India’s May oil imports, crude runs likely to witness full impact of pandemic

India’s-May-oil-imports-crude-runs-likely-to-witness-full-impact-of-pandemic-6430.jpg      “Refiners in India have had to reduce utilization rates given the demand hit in the domestic market following the latest wave of COVID-19. May numbers are likely to show a larger impact on refinery operations, as this is the month when daily COVID-19 cases peaked,”

India’s crude imports and refinery runs remained robust in April as refiners shipped in cargoes contracted earlier and refrained from backing out of deals despite a second wave of COVID-19 triggering demand destruction fears. Analysts, however, said the full impact of the crisis will get reflected only in May numbers.

Although India started to witness record COVID-19 cases in the early part of April, the number of regional lockdowns started to increase only towards the later part of the month and early May, while the country stayed away from a national lockdown. As a result, refiners met all their April import commitments, analysts said.

“Just like last year, India’s refiners had been slow to respond as crudes were bought in advance. There was also uncertainty over demand weakness as different states took on measures of varying restrictions to contain the spread of coronavirus,” said Lim Jit Yang, advisor for Asia-Pacific oil markets at S&P Global Platts Analytics.

“But as they started to realize the severity of demand impact from lockdown measures, they are expected to reduce runs and some have already done so as sales of the first half in May turned out to be very weak,” he added.

India imported 18.26 million mt of crude in April, or an average 4.5 million b/d, up 10.3% year on year, provisional data from the country’s Petroleum Planning and Analysis Cell, or PPAC, showed, reflecting a lower base in the year-ago month as India was under a nationwide lockdown. Imports in April were almost unchanged from March levels.

For the January-April period, India’s crude imports fell 2.3% year on year to 73.12 million mt, or 4.5 million b/d. In 2020, India’s crude imports fell 10.3% year on year to 201.5 million mt, or 4 million b/d, according to PPAC.

Crude runs under pressure

India’s oil product demand fell 9.4% to 17 million mt in April over March volumes, and demand in May is expected to decline even further month-on-month, analysts said.

The average run for refineries in India was 97% in April compared with 99% in March, the latest survey of the country’s oil ministry showed. However, run rates were higher from about 72% a year earlier.

In April, state-run refineries recorded a 98% run compared with 61% a year earlier and 106% in March. The flagship state-run refiner Indian Oil Corp., or IOC, recorded an average of 104% combined run for all its nine standalone refineries in April compared with 53% a year earlier and 100% in March.

Indian refiners processed 19.88 million mt of crude oil in April, or an average of 4.86 million b/d, up 34.86% on the year. The April figure was 5.24% lower than March levels.

Analysts said the refinery runs in May could decline further.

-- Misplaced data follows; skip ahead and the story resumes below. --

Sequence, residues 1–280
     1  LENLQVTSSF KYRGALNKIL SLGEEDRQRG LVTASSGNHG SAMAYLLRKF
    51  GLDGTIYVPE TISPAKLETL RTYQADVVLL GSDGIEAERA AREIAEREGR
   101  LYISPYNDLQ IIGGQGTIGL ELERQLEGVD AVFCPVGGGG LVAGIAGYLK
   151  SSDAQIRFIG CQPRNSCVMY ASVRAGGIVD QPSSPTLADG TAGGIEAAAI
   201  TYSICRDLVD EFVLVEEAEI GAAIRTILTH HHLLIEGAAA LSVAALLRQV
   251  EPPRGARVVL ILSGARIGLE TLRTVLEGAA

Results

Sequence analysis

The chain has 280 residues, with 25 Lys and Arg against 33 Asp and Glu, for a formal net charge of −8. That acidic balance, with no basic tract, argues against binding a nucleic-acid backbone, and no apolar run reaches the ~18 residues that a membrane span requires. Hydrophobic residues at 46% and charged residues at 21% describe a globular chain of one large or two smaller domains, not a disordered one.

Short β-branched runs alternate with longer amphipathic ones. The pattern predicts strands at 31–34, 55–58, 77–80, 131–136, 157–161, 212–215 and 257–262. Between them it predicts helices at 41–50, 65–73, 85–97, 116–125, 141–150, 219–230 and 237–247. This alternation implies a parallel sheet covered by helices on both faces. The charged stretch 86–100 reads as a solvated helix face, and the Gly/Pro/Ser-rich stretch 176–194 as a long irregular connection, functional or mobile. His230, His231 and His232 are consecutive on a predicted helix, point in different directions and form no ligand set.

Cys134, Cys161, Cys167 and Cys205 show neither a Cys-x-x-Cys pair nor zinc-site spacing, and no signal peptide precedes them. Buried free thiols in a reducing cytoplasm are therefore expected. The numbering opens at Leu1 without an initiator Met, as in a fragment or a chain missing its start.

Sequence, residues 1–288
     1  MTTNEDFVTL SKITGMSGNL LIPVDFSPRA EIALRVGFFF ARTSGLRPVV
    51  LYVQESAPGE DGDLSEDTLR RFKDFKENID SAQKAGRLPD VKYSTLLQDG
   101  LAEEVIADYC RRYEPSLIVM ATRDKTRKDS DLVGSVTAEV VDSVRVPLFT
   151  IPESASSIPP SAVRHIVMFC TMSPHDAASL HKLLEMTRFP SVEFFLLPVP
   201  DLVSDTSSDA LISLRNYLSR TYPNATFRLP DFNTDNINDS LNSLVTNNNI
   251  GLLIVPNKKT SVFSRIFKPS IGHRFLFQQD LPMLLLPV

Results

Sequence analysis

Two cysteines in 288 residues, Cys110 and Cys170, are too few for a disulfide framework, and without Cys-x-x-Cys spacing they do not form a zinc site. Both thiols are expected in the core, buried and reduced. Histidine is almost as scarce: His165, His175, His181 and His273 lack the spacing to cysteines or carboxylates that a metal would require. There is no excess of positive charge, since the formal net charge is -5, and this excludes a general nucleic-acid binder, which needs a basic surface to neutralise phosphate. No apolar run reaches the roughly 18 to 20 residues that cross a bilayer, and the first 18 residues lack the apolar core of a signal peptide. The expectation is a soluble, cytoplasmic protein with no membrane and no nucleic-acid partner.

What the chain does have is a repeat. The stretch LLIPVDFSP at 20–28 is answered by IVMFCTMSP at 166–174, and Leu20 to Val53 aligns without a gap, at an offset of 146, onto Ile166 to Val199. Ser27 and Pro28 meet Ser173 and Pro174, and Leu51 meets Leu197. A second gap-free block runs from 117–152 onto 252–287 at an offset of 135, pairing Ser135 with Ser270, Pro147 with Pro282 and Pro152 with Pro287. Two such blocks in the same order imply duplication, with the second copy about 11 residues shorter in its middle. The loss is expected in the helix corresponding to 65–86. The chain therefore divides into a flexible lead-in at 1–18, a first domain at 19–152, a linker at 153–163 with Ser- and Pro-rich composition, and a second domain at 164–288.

“Refiners in India have had to reduce utilization rates given the demand hit in the domestic market following the latest wave of COVID-19. May numbers are likely to show a larger impact on refinery operations, as this is the month when daily COVID-19 cases peaked,” ING Economics said in a research note.

The market is getting a better idea of the impact the latest wave of COVID-19 has had on domestic oil demand, with IOC saying that its gasoline and diesel sales had fallen by around 15%-20% due to the latest wave.

Sustained recovery seen after June

India’s oil demand is expected to witness a growth of 260,000 b/d year on year in the first half of 2021, and 390,000 b/d year-on-year in H2. Demand in H2 will be 700,000 b/d higher than H1, driven by a more broad-based pickup in economic activity amid widening vaccination rollout. Platts Analytics expects India’s oil demand in 2021 to remain below the 2019 level, mainly due to a weak first half, with an annual growth of 325,000 b/d over 2020.

The Nomura India Business Resumption Index, or NIBRI, fell to 60 for the week ending May 23, from 63 in the prior week. It is now at levels last seen in June 2020, after having fully recovered in February.

“Both mobility and non-mobility sectors have been hit. The continued steep fall in NIBRI supports our view that the worst hit to activity will occur in May. For a sustained recovery, the pace of vaccination also needs to pick up, which we expect to happen after June,” Nomura said.

Oxford Economics said it had revised down its 2021 economic growth forecast for India to 9.1% from 10.2% earlier.

“The international experience suggests that tighter restrictions will need to remain in place until at least 28% of the population has received one dose of the vaccine to contain the risks of renewed rise in cases. We estimate that India will reach the vaccine threshold by mid- to late-August, and accordingly expect restrictions will be extended into Q3,” said Priyanka Kishore, head of India and South East Asia Economics at Oxford Economics.

Source: Platts

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